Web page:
Monday, October 11, 2010

An Gánconágh. The Love Talker.


In Connacht. The word is pronounced gánconâgh.

The name gánconágh comes from the Gaelic word gean-canagh which means love talker.

Watch out for him because it definitely means bad luck is on the way if you meet him. He is a real loner, a solitary fairy who is the embodiment of love and idleness. He always has a dudeen (pipe) in his mouth. Although you will see him with a clay pipe in his mouth he will never have it lit as fairies hate and despise smoke so an unlit pipe in a lazy man's mouth is always a clue.

He has no shadow, the birds stop singing and a mist unfurls about him when he is around. He haunts lonely valleys speaking his love to milkmaids and shepherdesses and when he has had his wicked way with them he abandons them (how many times have we heard that story?). They then pine away and even die of a broken heart.

This seducing of young maidens seems to be his favourite pastime, of course they blame his dark twinkling Irish eyes, his enchanting voice and his pure charm. and whoever was ruined by ill-judged love was said to have been with the gánconágh. Men who have lost all their money by buying baubles for their ladies were said to have met the gánconágh. I think we’ve heard all that before as well.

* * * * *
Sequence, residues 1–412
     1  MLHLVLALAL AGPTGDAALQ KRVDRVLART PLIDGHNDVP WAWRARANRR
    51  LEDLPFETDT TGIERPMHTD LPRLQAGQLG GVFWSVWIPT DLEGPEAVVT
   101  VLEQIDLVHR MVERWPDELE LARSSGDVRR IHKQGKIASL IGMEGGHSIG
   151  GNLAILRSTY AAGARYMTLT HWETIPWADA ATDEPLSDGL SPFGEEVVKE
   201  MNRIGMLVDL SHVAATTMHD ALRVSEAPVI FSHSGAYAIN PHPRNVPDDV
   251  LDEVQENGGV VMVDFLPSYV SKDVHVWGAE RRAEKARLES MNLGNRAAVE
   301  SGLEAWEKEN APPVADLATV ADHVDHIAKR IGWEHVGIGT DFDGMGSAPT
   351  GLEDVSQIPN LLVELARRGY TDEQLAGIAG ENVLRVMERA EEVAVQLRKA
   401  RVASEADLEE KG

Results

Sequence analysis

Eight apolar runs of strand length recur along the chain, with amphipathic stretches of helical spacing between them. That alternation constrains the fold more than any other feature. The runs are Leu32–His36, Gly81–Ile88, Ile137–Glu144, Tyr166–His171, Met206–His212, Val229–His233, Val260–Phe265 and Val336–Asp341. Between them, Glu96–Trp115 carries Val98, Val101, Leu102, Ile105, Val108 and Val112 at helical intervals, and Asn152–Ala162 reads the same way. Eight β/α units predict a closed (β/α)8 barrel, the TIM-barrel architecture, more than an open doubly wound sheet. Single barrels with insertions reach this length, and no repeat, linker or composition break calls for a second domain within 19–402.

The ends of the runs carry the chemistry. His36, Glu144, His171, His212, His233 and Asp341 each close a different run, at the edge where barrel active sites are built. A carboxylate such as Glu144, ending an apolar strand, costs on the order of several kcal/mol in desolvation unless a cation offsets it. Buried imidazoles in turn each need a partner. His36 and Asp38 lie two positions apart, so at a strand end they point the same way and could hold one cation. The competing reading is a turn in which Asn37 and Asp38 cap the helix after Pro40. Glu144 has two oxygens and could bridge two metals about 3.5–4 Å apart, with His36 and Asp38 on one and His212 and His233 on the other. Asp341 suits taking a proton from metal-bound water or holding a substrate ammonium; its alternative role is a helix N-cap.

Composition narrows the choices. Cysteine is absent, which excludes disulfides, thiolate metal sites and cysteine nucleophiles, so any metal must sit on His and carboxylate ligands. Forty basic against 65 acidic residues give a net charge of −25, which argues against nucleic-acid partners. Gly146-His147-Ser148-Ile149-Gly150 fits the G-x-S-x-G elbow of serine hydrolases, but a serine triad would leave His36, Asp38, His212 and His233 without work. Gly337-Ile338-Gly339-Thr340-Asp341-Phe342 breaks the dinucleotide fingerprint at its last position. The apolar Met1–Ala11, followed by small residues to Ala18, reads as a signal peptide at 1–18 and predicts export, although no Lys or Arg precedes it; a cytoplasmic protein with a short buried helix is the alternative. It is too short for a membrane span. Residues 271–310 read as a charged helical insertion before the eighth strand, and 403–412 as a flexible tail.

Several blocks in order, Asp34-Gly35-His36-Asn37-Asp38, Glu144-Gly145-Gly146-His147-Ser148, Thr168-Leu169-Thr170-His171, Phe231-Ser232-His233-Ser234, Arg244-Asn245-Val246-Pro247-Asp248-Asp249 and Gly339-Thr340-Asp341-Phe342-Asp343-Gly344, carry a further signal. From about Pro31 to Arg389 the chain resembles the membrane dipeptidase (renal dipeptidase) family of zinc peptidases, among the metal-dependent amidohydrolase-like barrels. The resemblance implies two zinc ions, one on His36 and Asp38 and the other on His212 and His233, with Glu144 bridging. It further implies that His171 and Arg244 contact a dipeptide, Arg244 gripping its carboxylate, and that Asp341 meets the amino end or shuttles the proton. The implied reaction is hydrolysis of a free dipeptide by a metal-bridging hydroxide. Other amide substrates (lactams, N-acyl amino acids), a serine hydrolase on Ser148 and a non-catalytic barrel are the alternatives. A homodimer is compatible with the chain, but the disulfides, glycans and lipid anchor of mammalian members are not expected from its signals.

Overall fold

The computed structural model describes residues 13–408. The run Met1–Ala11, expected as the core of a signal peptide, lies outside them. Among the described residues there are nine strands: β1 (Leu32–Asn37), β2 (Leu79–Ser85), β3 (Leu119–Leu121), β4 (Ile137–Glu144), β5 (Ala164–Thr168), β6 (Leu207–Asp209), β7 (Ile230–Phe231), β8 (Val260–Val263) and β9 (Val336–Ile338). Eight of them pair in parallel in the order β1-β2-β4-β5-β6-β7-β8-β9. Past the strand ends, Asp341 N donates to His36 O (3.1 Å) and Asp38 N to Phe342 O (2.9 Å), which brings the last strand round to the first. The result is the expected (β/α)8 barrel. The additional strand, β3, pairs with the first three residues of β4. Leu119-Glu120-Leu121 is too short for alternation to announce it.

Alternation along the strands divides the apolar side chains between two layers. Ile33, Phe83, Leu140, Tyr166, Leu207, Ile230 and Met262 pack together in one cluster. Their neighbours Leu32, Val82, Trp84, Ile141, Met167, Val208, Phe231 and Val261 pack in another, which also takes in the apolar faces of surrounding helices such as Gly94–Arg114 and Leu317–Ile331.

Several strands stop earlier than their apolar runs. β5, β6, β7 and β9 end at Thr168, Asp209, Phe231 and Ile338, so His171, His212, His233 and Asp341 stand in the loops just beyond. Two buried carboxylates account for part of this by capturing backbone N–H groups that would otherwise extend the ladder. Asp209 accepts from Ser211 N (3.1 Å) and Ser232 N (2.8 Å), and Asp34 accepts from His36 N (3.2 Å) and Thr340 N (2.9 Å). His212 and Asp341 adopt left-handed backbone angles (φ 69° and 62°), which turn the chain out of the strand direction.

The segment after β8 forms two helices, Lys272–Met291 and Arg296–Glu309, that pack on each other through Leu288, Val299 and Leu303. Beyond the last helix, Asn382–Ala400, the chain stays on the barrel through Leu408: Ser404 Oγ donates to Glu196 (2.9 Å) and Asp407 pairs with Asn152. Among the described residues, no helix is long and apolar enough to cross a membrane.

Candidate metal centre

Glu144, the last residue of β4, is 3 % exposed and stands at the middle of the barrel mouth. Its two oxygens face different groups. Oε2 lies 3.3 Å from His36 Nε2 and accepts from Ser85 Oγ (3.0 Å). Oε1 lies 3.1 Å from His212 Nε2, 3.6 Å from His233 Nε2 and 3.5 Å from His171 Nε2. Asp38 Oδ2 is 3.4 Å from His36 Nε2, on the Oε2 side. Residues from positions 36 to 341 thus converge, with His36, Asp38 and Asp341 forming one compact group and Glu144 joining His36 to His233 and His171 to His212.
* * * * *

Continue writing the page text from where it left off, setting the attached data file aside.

He is lazy and you will often find him with a purse in one pocket but his hands in both, hanging around with the bone idle lads in the village

Portrayed in Ethna Carbery 's poem ‘The Love-Talker’, Four Winds of Erin (Dublin, 1902).
W. B. Yeats records ganconers who play at hurling, Irish Fairy and Folk Tales. (London, 1893).

The Love Talker.

I met the Love-Talker one eve in the glen,
He was handsomer than any of our handsome young men,
His eyes were blacker than the sloe, his voice sweeter far
Than the crooning of old Kevin's pipes beyond in Coolnagar.
I was bound for the milking with a heart fair and free–
My grief! my grief! that bitter hour drained the life from me;
I thought him human lover, though his lips on mine were cold,
And the breath of death blew keen on me within his hold.

I know not what way he came, no shadow fell behind,
But all the sighing rushes swayed beneath a fairy wind
The thrush ceased its singing, a mist crept about,
We two clung together–with the world shut out.

Ethna Carbury, The Love Talker

Another little poem that tells of the gánconágh.

Beware the tunes that touch your heart.
The gánconágh will play the soul
Beware sweet lass don't crave his art
He'll pierce your heart and leave a hole.


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